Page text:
What’s in my Bear Barrel?

  • Axe & Folding Saw
  • Fire Starters
  • Pots & Pans
  • Stove & Fuel
  • Coffee Thermos with filter system
  • Mini folding grill for fires (sometimes I hang this on the outside of the barrel to save space)
  • Water Filter (tablets or systems)
  • Plates, Cups, & Cutlery
  • Dry Food (Bread, Canned Food, Jerky, Trail mix, PB, Tang, Noodles, etc)
  • Tin Foil
  • Cooking Oil
  • Rope

 

Hanging your Barrel:

It is also good to note the correct way hang your bear barrel. This is a topic that has been under debate by many people. The most important thing is to keep the pack away from your site when you are not using it. Whether you decide to hang it in a tree or secure it to the base of the tree, it will not make much of a difference. If a bear wants your barrel and its in a tree, its going to get it down. I will go over this in more depth in another post. 

Planning Your Next Interior Camping Trip?

If you are looking to plan your next interior camping trip, here are some points to consider for your trip

1. Length of Trip

The length of your trip will help you to determine the type of food you will pack. A two day trip allows you to bring things that spoil such as meat or eggs. A seven day trip would be difficult to keep your food from spoiling so you may decide to stick to dry and canned foods

2. Amount of Paddling

Knowing the total amount of paddling for the trip helps you to break down how much paddling you will have to do on any given day. Do you want to have to paddle everyday? Do you want to move to a new campsite each day? Or would you prefer to stay at one single campsite and do day trips each day. 

3. Number and Length of Portages

Portaging can be difficult and tiring. The more portaging or the longer the portages, the more difficult the trip, and the more effectively you need to pack. You want to avoid having to do multiple trips on each portage if you have many or long portages.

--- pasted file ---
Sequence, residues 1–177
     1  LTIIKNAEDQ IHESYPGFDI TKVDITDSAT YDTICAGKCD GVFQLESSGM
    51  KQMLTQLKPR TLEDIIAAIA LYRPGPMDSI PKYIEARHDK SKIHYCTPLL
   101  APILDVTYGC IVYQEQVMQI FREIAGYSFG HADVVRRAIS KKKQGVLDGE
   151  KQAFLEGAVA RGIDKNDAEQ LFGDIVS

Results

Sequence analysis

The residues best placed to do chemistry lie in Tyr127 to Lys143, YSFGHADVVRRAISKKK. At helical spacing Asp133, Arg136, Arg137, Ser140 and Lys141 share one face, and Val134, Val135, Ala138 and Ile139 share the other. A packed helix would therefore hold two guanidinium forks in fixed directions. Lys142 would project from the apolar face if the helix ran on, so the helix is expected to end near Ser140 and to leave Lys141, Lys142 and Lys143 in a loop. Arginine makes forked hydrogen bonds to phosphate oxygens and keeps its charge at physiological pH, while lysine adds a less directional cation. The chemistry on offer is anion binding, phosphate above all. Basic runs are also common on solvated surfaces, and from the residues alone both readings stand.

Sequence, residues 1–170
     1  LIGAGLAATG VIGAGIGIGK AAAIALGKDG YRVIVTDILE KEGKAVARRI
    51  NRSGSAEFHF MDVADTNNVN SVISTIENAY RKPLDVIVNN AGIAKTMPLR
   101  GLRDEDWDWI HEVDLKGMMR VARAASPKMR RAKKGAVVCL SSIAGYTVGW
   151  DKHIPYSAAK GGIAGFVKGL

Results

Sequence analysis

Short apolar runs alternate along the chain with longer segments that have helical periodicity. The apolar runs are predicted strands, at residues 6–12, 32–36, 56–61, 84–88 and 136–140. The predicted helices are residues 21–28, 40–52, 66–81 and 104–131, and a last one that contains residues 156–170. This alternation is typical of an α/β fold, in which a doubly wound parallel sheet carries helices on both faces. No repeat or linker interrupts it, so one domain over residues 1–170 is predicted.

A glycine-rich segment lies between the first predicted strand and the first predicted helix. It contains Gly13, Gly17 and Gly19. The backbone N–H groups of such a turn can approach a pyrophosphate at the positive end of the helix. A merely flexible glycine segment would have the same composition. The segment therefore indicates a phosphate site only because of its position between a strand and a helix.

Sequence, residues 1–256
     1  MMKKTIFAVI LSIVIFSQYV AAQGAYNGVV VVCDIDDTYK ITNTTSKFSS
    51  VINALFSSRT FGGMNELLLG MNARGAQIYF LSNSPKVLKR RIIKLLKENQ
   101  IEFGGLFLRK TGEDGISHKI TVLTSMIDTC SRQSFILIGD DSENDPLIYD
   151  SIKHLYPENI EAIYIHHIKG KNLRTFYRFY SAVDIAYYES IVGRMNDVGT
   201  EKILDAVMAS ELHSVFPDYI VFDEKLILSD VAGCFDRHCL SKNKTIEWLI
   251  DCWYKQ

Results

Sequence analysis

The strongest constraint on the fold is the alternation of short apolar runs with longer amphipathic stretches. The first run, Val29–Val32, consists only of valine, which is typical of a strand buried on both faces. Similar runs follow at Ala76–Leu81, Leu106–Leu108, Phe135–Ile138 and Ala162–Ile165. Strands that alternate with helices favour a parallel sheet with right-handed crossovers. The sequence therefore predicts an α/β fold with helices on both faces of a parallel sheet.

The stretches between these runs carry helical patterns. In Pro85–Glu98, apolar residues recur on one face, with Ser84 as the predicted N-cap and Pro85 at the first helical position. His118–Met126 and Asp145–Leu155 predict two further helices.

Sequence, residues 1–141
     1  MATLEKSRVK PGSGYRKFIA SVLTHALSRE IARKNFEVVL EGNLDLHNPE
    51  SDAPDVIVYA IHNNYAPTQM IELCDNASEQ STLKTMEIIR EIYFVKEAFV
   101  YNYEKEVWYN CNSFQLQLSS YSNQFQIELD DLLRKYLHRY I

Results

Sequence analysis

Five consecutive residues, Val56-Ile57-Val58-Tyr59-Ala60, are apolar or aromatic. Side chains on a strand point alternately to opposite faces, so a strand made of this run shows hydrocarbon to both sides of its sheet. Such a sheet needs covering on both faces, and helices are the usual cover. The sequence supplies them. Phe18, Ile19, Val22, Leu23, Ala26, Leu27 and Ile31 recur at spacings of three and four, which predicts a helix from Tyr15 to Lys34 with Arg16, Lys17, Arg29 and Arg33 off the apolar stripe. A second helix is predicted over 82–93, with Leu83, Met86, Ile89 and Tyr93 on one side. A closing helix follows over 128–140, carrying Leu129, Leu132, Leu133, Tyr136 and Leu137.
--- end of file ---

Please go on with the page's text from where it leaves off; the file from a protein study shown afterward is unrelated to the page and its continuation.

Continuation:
4. Do you need to make Reservations? 

Provincial Parks require you to make reservations. Most of the time you cannot reserve for a specific campsite but rather book for an entire lake. If there are only 3 campsites on a lake, the park will only allow 2-3 reservations so that there are not too many people on the lake. This is done so that you do not run into a situation where the lake is full and you cannot find a spot to camp. More and more parks are becoming available for booking these lakes online, however it is still easy to call in to reserve as well. You also want to make note to book well in advance. The longer you wait the less sites will be available. Crown Land is another alternative that allows you to go camping without reservations. The benefit being cost, and the risk being site availability. 

5. Are you Renting Equipment?

If you require renting a canoe and paddles, you ideally want to choose an access point that has this at the launch or at least close to the access point. One of the best parks that I have seen for this is Algonquin Provincial Park with outfitters directly on Canoe Lake and Opeongo Lake, as well an many other outfitters you pass on your way into the park.

6. Number of People & Canoes on Trip

The number of people on your trip will help you determine how many canoes you require. If you are able to fit 3 people in your canoe, it can really help you as it is an extra set of hands on portages that doesn't require you to bring another boat. That being said, it is likely also a bit more tippy in the canoe.